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I must admit, my present-day picture seems less than ideal, and, right now, my real life does not resemble a Norman Rockwell painting. Frankly, it’s easy to regard my current situation as one that must be endured, rather than lived. I’ve heard Covid-19 described as this generation’s defining moment and I have to admit we’ve had a pretty cushy go of it up to this point.
Norman Rockwell actually lived through the Spanish Influenza of 1918, as well as, WWI, WWII and Vietnam. He, like many of our grandparents, lived through hard times and continued on.
In 1916, the 22-year-old Rockwell painted his first cover for The Saturday Evening Post, the magazine considered by Rockwell to be the “greatest show window in America.” Over the next 47 years, another 321 Rockwell covers would appear on the cover of the Post.
The last six weeks of strict home quarantine has me asking,
“Where’s my Norman Rockwell?”
This surreal experience colors my world in a completely different way; almost as if a new filter has been applied to my life picture. Just like sunglasses on a sunny day, this filter has removed the glare of must-dos and appointments and shifted my gaze to new priorities…to keep myself functioning and whole.
I am also closely examining my daily routines as they are now completely of my own design. How do I use my time? Am I doing things to nourish my body, soul and spirit? What are my real priorities and does my daily life actually reflect those priorities?
This season of forced solitude has also challenged me to focus more on others, which is quite ironic since I find myself alone more than ever before. The computer that used to draw me away into an endless stream of projects is now my primary tool for reaching out!
However now, without the distractions of “normal life,” I am keenly aware that God alone can replenish and renew my innermost being. Not only can He do it, but He longs to live with me and He promises to be the source when I come to the end of myself.
“Come to me, all you who are weary and burdened, and I will give you rest. Take my yoke upon you and learn from me, for I am gentle and humble in heart, and you will find rest for your souls. 30 For my yoke is easy and my burden is light.”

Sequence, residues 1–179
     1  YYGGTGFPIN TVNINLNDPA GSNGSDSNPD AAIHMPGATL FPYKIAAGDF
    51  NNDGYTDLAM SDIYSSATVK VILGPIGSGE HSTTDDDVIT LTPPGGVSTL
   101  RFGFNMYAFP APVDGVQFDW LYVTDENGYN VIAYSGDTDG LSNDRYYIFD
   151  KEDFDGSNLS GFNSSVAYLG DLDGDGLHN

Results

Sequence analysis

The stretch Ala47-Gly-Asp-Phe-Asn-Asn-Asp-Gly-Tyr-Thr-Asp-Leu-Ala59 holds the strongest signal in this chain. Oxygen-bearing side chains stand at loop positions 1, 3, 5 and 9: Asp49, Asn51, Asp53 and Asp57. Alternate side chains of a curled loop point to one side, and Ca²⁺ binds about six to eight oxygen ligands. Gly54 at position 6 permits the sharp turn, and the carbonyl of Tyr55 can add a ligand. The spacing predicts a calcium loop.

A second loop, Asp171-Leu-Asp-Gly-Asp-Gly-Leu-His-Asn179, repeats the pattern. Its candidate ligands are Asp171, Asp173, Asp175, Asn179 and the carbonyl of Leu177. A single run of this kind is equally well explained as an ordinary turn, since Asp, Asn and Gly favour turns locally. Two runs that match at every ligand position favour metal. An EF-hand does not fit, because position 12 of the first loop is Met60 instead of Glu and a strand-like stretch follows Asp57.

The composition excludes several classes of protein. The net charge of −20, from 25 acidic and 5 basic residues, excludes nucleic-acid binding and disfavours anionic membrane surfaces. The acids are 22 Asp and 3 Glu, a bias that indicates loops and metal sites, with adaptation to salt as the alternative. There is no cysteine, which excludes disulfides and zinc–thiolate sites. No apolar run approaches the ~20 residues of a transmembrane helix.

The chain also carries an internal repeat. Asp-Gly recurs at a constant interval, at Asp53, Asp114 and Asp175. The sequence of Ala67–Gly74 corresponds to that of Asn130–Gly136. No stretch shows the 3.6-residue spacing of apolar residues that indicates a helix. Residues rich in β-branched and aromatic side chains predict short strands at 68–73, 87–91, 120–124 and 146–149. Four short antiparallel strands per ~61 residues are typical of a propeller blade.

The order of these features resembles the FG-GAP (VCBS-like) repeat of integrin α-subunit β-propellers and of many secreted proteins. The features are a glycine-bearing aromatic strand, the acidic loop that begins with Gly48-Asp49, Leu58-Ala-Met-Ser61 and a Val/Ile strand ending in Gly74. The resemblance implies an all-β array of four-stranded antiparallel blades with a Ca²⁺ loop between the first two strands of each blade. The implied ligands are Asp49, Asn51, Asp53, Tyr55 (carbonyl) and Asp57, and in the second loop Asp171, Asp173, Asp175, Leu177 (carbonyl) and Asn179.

Rockwell said this about his art,
“Maybe as I grew up and found the world wasn’t the perfect place I had thought it to be, I unconsciously decided that if it wasn’t an ideal world, it should be, and so painted only the ideal aspects of it.”
Undoubtedly, Covid-19 has broken all illusions of the ideal, perfect life. There’s not a camera filter that can remove the reality out of this picture. We are not impervious to disease, nor can we hide behind our own human ingenuity or scientific achievements. We’re just not as smart or invincible as we thought we were.
God is still God and we are not Him.
We see the reality of daunting statistics and troubling headlines. However, God’s word promises that there is a new day ahead when the skies will clear again.
We don’t yet see things clearly. We’re squinting in a fog, peering through a mist. But it won’t be long before the weather clears and the sun shines bright! We’ll see it all then, see it all as clearly as God sees us, knowing him directly just as he knows us!
So, I’ll trust God with my picture.
I’ll give him my days and wait to see what brush strokes he adds and what new colors he reveals.
And, I hope…when the virus is finally checked and I walk out into a world where I can hug who I want; where uncertainty no longer looms in the corner of every waking moment…
I hope and pray that the rest of my life will reflect a greater reliance on God by allowing Him to color my everyday life with His masterful hand…my own unique Norman Rockwell.